I really enjoy reading the paper on a Sunday morning with my coffee and breakfast. I always go straight to the Real Estate Section which reports the auction sales, and also the Money section at the back. I’m always enlightened to read Mark Bouris’ articles as I always find he speaks a lot of common sense and truth.
His article on the 3rd of November was a great summary to help First Home Buyers prepare for obtaining a loan for their first home. All of these points must be carefully considered in the 6-12 months prior to seeking a loan, to ensure you have the best possible application to put forward to the bank. Read the article here:
First-time mortgage borrowers are tired of being told that these are the cheapest interest rates they will ever see. More important is how to ensure they can secure a loan. Here are my top tips:
1. Have a clear goal. Use online calculators to see what you need to save and how much the repayments will be.
2. Have a budget and a plan. You need to have a deposit and to reduce your weekly outgoings. You need to do this for at least six months.
3. Save a deposit. The bigger the better.
4. Show consistent savings. Lenders want to see evidence of good financial management, rather than windfalls. Use a separate savings account to make regular deposits and few withdrawals.
5. Have a stable and consistent income. Lenders are generally less comfortable lending to someone who has had numerous jobs or long gaps between employment.
6. Don't switch careers. If you do change jobs, stay in the same field and show increased income. Apply for your mortgage before changing employers or starting a business.
7. Understand your budget. Lenders will want to know your gross income, and your financial and living expenses to gauge your disposable income.
8. Limit risk. Know that most lenders credit-score you to get an idea of how much risk you pose. So you must minimise credit inquiries, job changes and changes of address. Next year Australia will get a credit reporting system where creditors disclose late payments, not just defaults.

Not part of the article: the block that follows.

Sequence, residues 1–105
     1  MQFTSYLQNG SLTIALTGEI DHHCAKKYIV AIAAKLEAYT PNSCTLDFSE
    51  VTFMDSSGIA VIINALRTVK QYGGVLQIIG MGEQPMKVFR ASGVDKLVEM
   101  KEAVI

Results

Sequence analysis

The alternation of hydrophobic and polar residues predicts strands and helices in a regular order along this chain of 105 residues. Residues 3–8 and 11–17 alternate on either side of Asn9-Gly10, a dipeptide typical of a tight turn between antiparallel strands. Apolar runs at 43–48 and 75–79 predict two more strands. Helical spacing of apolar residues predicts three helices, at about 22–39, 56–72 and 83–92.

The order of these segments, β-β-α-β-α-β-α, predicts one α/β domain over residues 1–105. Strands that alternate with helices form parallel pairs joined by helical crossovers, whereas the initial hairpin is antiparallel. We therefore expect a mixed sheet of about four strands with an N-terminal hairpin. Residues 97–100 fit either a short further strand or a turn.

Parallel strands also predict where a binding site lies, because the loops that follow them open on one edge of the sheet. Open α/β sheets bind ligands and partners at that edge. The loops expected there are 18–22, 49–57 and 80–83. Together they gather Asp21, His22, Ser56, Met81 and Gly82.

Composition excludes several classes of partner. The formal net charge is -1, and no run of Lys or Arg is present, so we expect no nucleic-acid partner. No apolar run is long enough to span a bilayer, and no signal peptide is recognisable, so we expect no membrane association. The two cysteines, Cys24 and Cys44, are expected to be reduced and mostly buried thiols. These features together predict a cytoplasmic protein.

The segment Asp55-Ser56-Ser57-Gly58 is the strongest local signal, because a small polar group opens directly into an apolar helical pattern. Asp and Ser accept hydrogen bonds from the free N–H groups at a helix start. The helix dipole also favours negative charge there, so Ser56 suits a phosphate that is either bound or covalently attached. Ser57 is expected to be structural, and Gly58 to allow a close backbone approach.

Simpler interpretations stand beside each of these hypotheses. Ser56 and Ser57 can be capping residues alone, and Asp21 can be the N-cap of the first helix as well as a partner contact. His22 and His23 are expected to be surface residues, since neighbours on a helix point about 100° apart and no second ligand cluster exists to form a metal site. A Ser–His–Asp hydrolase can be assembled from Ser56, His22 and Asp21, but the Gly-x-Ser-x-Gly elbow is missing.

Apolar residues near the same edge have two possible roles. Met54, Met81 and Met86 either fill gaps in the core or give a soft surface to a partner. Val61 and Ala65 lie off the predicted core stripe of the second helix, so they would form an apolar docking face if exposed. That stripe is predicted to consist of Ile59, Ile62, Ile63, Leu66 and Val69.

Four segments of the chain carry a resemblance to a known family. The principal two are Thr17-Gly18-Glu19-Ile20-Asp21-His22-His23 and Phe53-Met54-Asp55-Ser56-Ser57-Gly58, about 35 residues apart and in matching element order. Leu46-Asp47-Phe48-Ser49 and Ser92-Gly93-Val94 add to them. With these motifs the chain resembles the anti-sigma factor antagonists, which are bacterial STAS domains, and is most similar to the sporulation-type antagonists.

9. Stay put. Have a stable rental history and minimise moving houses or apartments.
10. Lower your limits on credit cards. Every $1 of credit-card limit stops you from borrowing up to $5 of home loan. Reduce credit cards to one, and reduce that card's limit to what you use. Pay off and cancel the credit card if you can.
11. Card care. Stop applying for credit or store cards, for it suggests you live outside your means.
12. Nothing's free. Don't take ''interest-free period'' finance offered by stores.
13. Ensure your bank accounts are in order. No late payments, over-limits or overdraws. Lenders usually check or require account statements for the past three to six months when assessing your application.
14. Know your credit report. Most lenders credit-score you on the Veda system, which shows your current and past credit activity. You can buy your Veda credit file at mycreditfile.com.au.
15. Check your tax. If you're self-employed, get your taxes done before applying and make sure there's no tax owing on your ATO account.
16. Reduce overheads. Fancy car leases, big smartphone plans and cable TV charges can reduce your net income and affect your serviceability.
17. Go home. Move in with your parents if you can, but only if you're going to save.
18. Talk to a broker. If you're worried about your credit score and serviceability, a broker can get you prepared pre-application.
19. Once is enough. Don't apply for too many mortgages. This affects your credit scoring.
20. Be truthful. Don't lie to lenders, especially about other loans or credit cards. The basics always apply to mortgages.
You need a deposit that is big enough to have 20 per cent equity and cover stamp duty and conveyancing, and you need to show that you can service the loan.
This is a 25-year debt you are taking on, so take your time and get your preparation right.